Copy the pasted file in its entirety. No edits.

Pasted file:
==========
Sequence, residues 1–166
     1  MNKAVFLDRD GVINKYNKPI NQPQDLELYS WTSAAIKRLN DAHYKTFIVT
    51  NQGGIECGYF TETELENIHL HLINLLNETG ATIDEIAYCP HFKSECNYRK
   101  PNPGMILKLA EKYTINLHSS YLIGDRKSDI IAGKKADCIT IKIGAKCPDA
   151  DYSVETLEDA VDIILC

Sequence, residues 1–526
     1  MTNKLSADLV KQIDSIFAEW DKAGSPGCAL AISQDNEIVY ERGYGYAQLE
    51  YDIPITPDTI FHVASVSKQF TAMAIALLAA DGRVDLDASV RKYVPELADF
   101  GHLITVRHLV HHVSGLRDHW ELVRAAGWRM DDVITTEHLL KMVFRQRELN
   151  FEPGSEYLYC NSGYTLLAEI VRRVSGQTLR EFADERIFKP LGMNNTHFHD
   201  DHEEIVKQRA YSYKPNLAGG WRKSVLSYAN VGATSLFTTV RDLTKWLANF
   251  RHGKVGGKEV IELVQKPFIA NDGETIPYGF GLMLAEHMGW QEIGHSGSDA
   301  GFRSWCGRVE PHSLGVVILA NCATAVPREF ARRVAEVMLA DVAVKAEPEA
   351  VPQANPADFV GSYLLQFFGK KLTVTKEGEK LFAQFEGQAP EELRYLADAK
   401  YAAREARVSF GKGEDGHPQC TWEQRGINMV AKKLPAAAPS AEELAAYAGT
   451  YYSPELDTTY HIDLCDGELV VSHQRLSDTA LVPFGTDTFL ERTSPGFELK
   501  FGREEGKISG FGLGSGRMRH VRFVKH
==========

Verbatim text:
Sequence, residues 1–166
     1  MNKAVFLDRD GVINKYNKPI NQPQDLELYS WTSAAIKRLN DAHYKTFIVT
    51  NQGGIECGYF TETELENIHL HLINLLNETG ATIDEIAYCP HFKSECNYRK
   101  PNPGMILKLA EKYTINLHSS YLIGDRKSDI IAGKKADCIT IKIGAKCPDA
   151  DYSVETLEDA VDIILC

Sequence, residues 1–526
     1  MTNKLSADLV KQIDSIFAEW DKAGSPGCAL AISQDNEIVY ERGYGYAQLE
    51  YDIPITPDTI FHVASVSKQF TAMAIALLAA DGRVDLDASV RKYVPELADF
   101  GHLITVRHLV HHVSGLRDHW ELVRAAGWRM DDVITTEHLL KMVFRQRELN
   151  FEPGSEYLYC NSGYTLLAEI VRRVSGQTLR EFADERIFKP LGMNNTHFHD
   201  DHEEIVKQRA YSYKPNLAGG WRKSVLSYAN VGATSLFTTV RDLTKWLANF
   251  RHGKVGGKEV IELVQKPFIA NDGETIPYGF GLMLAEHMGW QEIGHSGSDA
   301  GFRSWCGRVE PHSLGVVILA NCATAVPREF ARRVAEVMLA DVAVKAEPEA
   351  VPQANPADFV GSYLLQFFGK KLTVTKEGEK LFAQFEGQAP EELRYLADAK
   401  YAAREARVSF GKGEDGHPQC TWEQRGINMV AKKLPAAAPS AEELAAYAGT
   451  YYSPELDTTY HIDLCDGELV VSHQRLSDTA LVPFGTDTFL ERTSPGFELK
   501  FGREEGKISG FGLGSGRMRH VRFVKH